Actor talks about run for Congress, inspiration from Trump
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WATCH: Sabato Jr. discusses why he supports Trump and why he believes he's qualified for Congress.

Soap opera star turned congressional hopeful Antonio Sabàto, Jr. talked about his goals if he's elected to represent a California district in November.

Sabàto appeared on ABC's "The View" Thursday where he discussed his congressional campaign and voiced his ongoing support for the President, including his push for the border wall and second amendment liberties.

"I think it's important to put the country first, the American people first," the Republican candidate said. "I support any president because I want the best for this country; the American people come first in my book and I believe that this president puts the American people first."

Actor Antonio Sabato Jr, speaks on the first day of the Republican National Convention, July 18, 2016, at the Quicken Loans Arena in Cleveland.

The 45-year-old soap opera star is famous for his roles on "General Hospital" and "Melrose Place," as well as his modeling career in which he posed for Calvin Klein.

Sabàto has been a vocal supporter of President Trump and spoke at the Republican National Convention in 2016.

He told the hosts of "The View" that he was blacklisted after returning from the RNC speech.

"My agents and my managers all left me," Sabàto said. "I had some jobs lined up that all went away."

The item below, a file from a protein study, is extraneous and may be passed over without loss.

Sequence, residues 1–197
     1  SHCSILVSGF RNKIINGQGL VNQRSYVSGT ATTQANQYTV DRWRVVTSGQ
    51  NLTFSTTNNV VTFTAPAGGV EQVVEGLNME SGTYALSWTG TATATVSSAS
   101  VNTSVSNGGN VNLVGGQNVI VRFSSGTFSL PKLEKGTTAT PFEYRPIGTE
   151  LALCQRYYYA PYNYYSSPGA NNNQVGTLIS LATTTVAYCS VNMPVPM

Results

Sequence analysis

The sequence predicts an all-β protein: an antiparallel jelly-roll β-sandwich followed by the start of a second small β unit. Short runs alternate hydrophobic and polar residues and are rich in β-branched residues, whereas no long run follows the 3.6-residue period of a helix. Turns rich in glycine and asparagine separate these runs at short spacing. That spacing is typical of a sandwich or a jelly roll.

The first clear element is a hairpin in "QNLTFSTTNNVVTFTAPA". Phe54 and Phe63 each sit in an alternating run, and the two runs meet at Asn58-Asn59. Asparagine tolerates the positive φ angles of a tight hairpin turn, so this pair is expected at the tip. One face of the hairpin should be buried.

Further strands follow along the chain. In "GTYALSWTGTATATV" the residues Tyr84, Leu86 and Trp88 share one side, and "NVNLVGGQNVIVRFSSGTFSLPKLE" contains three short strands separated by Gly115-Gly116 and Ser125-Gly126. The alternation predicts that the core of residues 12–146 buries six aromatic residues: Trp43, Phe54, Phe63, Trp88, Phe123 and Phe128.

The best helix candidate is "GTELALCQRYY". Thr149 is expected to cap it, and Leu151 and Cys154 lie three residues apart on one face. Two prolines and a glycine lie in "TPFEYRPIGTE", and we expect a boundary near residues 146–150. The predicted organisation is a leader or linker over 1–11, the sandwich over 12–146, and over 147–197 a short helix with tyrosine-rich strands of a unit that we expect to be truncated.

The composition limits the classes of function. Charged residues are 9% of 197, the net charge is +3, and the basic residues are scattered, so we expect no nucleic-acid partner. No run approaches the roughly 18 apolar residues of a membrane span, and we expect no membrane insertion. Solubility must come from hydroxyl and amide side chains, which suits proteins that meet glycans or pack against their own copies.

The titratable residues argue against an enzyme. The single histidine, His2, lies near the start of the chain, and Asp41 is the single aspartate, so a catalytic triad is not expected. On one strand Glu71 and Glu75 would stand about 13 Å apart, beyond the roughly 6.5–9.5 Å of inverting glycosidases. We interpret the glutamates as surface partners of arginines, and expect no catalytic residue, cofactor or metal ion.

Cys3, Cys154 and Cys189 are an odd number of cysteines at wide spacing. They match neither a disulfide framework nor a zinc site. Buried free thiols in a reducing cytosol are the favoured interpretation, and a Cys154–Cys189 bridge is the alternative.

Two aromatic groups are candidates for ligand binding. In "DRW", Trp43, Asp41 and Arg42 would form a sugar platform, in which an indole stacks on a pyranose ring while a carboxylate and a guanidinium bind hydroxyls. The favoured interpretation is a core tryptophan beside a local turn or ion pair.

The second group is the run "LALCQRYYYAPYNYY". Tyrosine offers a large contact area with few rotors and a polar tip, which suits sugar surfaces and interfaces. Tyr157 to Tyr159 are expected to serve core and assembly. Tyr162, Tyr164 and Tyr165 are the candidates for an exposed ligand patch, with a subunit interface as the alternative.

He compared his experience being blacklisted in Hollywood to that of his relatives who escaped the Holocaust.

The hosts of "The View" asked Sabàto was asked whether he felt he was closed out from Hollywood because of his claims, which he made in an interview with ABC News after his RNC speech, that he was "absolutely" sure President Obama was a Muslim and not a Christian, as he has said.

"We had a Muslim president for 7 and a half years," Sabàto told ABC News' Amna Nawaz and LZ Granderson. "That's what I believe."

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ABC News' Amna Nawaz and LZ Granderson interview actor, Antonio Sabato Jr. after his speech at the Republican National Convention.
Antonio Sabato Jr. appears on "The View," Feb. 8, 2018.

He told "The View" that he "never thought it was anything bad."

"If he's not a Muslim, we should call him President Barry," Sabàto, Jr. added.

Sabàto also said he would advocate in Congress for his district, which is still recovering from wildfires and mudslides.

Antonio Sabato Jr. during "The Last Ride" World Premiere at Pacific Design Center in Hollywood, Calif. in this May 26, 2004 file photo.

He filed in May to run against Democratic incumbent Rep. Julia Brownley for the California seat representing Ventura County and parts of the central coast. He has said he was inspired by Trump’s election cycle to seek office himself.